2. A substantially rectangular unitary packing sheet of paper pulp molded in the form of a series of accordion pleats, said series terminating at one end at the apex of a pleat on one side of the sheet and at the other end at the apex of a pleat on the opposite side of the sheet, the terminal portions of the pleated section being ribbed to impart stiffness thereto, longitudinal edge portions on each side of the sheet extending from one end of the sheet to the other along substantially the central plane of the sheet, said edge portions being connected to the pleated section by portions closing the side edges of the pleats from the central plane of the sheet to the apex of each pleat, said edge and closing portions precluding inward or outward folding of the accordion pleats.

3. A substantially rectangular unitary packing sheet of paper pulp molded in the form of a series of accordion pleats having blunted apexes, the apexes on one side of the sheet being depressed to form grooves, the apexes on the other side of the sheet being provided with raised portions to provide tongues, said series of accordion pleats terminating at one end at the apex of a pleat on one side of the sheet and at the other end at the apex of a pleat on the opposite side of the sheet, the terminal portions of the pleated section being ribbed to impart stiffness thereto, longitudinal edge portions on each side of the sheet extending from one end of the sheet to the other along substantially the central plane of the sheet, said edge portions being connected to the pleated section by portions closing the side edges of the pleats from the central plane of the sheet to the apex of each pleat, said edge and closing portions precluding inward or outward folding of the accordion pleats. V

4. In a shipping case for elongated fragile articles, in combination, a stack of superimposed separator units for support of said articles in said case, each unit comprising a sheet of pulp molded in the form of a series of accordion pleats having apexes, the apexes on one side of the sheet having depressed portions to form grooves, the apexes on the other side of the sheet having raised portions to provide tongues, said series of accordion pleats terminating at one end at the apex of a pleat on one side of the sheet and at the other end at the apex of a pleat on the opposite side of the sheet, the terminal portions of the pleated section being ribbed to impart stiffness thereto, longitudinal adge portions on each side of the sheet extending from one end of the sheet to the other along substantially the central plane of the sheet, said edge portions being connected to the pleated section by portions closing the side edges of the pleats from the central plane of the sheet to the apex of each pleat, said edge and closing portions preeluding inward or outward folding of the accordion pleats, said sheets being superimposed with said pleats extending longitudinally of the shipping case and with the tongues of one sheet engaging the grooves of the next adjacent sheet, whereby relative lateral movement of the sheets is prevented and whereby longitudinally extending, vertically staggered pockets are provided for the support of elongated fragile articles to be shipped.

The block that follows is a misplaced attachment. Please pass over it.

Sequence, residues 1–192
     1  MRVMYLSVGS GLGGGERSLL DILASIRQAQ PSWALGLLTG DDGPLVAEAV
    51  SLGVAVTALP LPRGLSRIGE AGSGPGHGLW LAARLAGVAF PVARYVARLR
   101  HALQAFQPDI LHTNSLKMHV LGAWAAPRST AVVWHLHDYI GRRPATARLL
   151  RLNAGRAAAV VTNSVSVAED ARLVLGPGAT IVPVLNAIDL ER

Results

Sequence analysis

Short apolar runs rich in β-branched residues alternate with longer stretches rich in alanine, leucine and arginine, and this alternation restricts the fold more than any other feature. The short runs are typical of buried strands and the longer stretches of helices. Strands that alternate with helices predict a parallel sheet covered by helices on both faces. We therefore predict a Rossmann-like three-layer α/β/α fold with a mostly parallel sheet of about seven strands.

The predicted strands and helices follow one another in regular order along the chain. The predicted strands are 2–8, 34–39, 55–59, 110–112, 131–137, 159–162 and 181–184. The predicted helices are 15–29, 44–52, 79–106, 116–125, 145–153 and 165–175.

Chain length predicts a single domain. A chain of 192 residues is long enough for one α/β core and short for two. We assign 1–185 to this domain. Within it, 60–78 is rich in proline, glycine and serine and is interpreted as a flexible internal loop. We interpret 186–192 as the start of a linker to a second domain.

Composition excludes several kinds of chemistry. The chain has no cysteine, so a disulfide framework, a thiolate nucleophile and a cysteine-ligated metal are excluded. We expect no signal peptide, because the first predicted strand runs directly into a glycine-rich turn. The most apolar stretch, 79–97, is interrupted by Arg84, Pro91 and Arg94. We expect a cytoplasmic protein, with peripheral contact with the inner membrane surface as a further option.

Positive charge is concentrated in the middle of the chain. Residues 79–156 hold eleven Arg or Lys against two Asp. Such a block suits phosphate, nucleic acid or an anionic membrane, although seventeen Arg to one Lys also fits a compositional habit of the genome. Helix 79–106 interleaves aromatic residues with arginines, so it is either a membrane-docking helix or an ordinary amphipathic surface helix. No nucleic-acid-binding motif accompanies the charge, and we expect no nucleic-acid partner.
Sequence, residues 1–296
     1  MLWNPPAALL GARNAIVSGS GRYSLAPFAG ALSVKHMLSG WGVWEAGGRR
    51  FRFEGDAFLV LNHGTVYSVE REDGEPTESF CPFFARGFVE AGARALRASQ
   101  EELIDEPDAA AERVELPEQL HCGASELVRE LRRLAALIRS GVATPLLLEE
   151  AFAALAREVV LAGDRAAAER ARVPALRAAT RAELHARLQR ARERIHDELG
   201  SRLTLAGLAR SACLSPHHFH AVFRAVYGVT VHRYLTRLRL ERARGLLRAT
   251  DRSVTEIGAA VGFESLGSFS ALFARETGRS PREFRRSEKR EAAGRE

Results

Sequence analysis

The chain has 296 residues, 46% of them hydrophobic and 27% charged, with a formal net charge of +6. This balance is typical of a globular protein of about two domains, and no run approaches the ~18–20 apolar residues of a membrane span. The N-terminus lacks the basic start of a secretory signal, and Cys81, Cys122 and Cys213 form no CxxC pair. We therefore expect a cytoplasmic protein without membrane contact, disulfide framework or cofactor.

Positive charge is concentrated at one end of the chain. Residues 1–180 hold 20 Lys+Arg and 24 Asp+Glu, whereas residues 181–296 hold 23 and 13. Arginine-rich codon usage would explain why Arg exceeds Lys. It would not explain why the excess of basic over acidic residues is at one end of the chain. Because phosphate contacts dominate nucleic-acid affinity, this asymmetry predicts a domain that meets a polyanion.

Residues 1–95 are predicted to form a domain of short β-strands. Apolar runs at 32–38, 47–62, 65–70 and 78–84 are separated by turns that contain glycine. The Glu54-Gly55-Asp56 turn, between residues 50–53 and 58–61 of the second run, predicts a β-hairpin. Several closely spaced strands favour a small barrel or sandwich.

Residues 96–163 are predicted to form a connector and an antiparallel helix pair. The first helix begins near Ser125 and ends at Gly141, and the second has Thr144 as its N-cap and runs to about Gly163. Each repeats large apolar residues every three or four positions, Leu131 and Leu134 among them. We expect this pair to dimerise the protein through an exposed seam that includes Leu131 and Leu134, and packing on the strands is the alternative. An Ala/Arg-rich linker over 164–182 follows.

ERNEST L. SHEPARD.

REFERENCES CITED The following references are of record in the file of this patent:

UNITED STATES PATENTS Number Name Date 1,956,955 Kronenberger May 1, 1934 1,977,160 White Oct. 16, 1934 1,990,675 Sinz et al. Feb. 12, 1935 2,045,771 Graham 1 June 30, 1936

Patent Citations
Cited PatentFiling datePublication dateApplicantTitle
US1956955 *Aug 18, 1932May 1, 1934Ferdinand KronenbergerMolded pulp article
US1977160 *Jun 8, 1931Oct 16, 1934Moulded Pulp CorpSide pad for shipping cases
US1990675 *Nov 23, 1932Feb 12, 1935Barbee Cecil RPacking tray
US2045771 *Mar 16, 1934Jun 30, 1936Orenda CorpEgg tray
Referenced by
Citing PatentFiling datePublication dateApplicantTitle
US2758750 *Dec 10, 1952Aug 14, 1956Pad Y Wax CompanyShipping carton for flexible packages
US2774473 *Jan 31, 1952Dec 18, 1956Keyes Fibre CoSupport-protector for fragile articles
US2778490 *Dec 16, 1953Jan 22, 1957Emery Richard LPackaging with molded pulp cushioning pads
US2783879 *Aug 25, 1954Mar 5, 1957Keyes Fibre CoMolded pulp valve tray and package
US2838173 *May 2, 1955Jun 10, 1958Keyes Fibre CoPacking for fragile articles
US3193095 *Apr 5, 1963Jul 6, 1965Mcdonalds System IncShipping and storage container
US3200943 *Jan 14, 1964Aug 17, 1965Oberdorfer Foundries IncPackage
US3245570 *May 15, 1964Apr 12, 1966Friday Paul DPacking tray
US3439860 *Jun 5, 1967Apr 22, 1969Phillips Petroleum CoProtective packing material
US3591032 *Apr 14, 1969Jul 6, 1971Baxter CoReceptacle-pallet
US3835994 *May 18, 1972Sep 17, 1974Sweetheart PlasticsCone package
US4936453 *Aug 21, 1989Jun 26, 1990The Lawrence Paper CompanyCompact fluorescent tube dunnage element
US8646603 *Oct 12, 2011Feb 11, 2014Tekni-Plex, Inc.Apparatus and method for aligning and holding light bulbs
DE1081822B *May 2, 1958May 12, 1960Keyes Fibre CoPackkoerper fuer zerbrechliche Gegenstaende wie Leuchtroehren
WO1991002689A1 *Jan 25, 1990Mar 7, 1991Lawrence Paper CoCompact fluorescent tube dunnage element
WO2011100833A1 *Feb 18, 2011Aug 25, 2011Michael ColliganReusable, recyclable, collapsible fluorescent tube container
Classifications
U.S. Classification206/419, 206/443, 217/26.5
International ClassificationB65D5/50
Cooperative ClassificationB65D5/503
European ClassificationB65D5/50D1